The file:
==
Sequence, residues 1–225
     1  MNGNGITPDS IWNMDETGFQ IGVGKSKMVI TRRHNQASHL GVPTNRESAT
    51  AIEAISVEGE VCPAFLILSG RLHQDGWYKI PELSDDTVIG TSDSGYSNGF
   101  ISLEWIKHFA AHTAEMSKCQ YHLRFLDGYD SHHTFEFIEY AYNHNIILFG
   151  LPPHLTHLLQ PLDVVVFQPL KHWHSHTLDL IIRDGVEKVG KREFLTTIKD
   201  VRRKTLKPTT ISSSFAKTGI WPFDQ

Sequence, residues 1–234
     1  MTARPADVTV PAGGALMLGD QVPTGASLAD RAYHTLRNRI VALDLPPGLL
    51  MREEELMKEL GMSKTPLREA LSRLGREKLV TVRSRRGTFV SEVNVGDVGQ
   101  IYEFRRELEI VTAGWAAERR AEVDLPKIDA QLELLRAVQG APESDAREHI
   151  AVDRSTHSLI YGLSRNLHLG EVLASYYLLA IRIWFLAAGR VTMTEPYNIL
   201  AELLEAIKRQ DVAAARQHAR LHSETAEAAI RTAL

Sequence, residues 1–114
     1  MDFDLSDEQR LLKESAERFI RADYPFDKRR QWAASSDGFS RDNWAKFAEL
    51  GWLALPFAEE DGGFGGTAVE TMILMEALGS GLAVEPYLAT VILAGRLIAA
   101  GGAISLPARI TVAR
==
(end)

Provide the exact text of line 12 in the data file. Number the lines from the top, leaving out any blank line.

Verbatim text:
   201  AELLEAIKRQ DVAAARQHAR LHSETAEAAI RTAL